Have just moved my moodle 1.5 into the production environment and am having huge issues with CPU usage maxing out with only 15+ logins.
Dell PowerEdge 1600SC Rack Mount
- Inetl Xeon 3.2GHz 1Mb Cache
- 2Gb RAM
- 73Gb Ultra 360 HD in RAID 1 config
I am new to server admin and am unsure as to where I should start looking.
1. Server runs fine with very small load. Last friday had 30 teachers log in and server CPU went to 98% usage. Most got the error:
"Error: Database connection failed.
It is possible that the database is overloaded or otherwise not running properly."
I am assuming this is due to my server CPU maxing out.
2. Used top in unix and am having issues identifying where my CPU load is being generated from . The httpd requests were running at 5% and the other 90% of CPU didn't seem to be listed as being used by any other process.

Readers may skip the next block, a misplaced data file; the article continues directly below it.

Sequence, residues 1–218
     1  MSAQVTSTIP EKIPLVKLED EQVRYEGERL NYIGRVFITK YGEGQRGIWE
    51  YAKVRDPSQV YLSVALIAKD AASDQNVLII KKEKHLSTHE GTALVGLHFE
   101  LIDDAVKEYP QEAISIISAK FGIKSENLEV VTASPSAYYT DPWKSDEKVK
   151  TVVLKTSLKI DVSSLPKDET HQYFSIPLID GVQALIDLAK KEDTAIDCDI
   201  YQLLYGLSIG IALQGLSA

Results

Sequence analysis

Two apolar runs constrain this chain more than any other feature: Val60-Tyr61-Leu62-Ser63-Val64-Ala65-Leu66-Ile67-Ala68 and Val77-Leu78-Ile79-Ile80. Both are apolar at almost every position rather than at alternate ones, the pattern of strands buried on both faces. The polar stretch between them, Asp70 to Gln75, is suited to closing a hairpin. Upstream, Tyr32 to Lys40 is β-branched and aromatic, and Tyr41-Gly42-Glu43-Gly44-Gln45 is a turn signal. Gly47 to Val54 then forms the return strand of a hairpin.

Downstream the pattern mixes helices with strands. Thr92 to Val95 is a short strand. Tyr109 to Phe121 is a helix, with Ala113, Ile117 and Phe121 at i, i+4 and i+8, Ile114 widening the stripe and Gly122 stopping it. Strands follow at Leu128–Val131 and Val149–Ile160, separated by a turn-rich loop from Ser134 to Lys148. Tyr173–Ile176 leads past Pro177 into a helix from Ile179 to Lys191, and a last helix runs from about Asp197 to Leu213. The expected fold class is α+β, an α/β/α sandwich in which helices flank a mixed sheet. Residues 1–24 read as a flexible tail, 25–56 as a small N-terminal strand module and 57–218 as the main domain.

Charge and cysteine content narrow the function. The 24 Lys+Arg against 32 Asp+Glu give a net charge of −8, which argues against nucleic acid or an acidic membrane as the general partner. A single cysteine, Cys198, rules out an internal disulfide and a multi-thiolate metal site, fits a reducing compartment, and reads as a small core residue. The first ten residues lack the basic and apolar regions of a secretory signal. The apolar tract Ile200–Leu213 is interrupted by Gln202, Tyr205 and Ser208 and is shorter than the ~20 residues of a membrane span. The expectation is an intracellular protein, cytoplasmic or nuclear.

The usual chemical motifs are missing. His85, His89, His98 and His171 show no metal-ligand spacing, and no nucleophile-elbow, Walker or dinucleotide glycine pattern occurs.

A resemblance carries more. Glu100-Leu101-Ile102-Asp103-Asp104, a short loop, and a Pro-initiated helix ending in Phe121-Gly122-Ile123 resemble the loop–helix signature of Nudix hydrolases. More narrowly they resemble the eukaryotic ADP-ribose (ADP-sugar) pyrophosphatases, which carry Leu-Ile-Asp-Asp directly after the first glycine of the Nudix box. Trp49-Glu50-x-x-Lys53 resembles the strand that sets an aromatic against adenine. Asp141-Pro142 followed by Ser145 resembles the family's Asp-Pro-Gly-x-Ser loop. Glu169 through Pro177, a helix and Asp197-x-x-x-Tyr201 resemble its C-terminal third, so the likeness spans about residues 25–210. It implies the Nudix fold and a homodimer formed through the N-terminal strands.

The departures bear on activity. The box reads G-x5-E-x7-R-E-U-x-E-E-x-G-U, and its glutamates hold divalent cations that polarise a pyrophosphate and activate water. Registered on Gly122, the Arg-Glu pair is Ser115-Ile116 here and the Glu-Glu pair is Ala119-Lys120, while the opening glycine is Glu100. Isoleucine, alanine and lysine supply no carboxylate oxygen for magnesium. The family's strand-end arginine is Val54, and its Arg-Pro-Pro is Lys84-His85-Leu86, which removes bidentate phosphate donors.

Langcahe is on
Langmenu is off
dbsessions are off
Any suggestions in how to properly diagnose this are more than welcomed
1. I think CPU is one problem, the other problem is memory capacity. Moodle developers are discussing about using application/session variables to reduce memory load (see more at http://moodle.org/mod/wiki/view.php?id=2935&page=view/Application%2FSession+Variables)
3. Your problem already dicussed at: http://moodle.org/mod/forum/discuss.php?d=25179. I think they found the solution to this problem.
That's all that I can share with you. Good luck!
I would have thought that kind of processor and memory should easily handle 100 logins. I have looked into persistant logins with no louck. i am looking into other suggested solutions and will keep all informed.
Am looking for what I can look at to help diagnoes the issue as i am new to this backend admin side of things
1) "Error: Database connection failed.
This is due to a db connexion persistence ... see ->
2) 95% ... Have you activate a PHP caching like turck_mmcache ? This will help your processor and performance.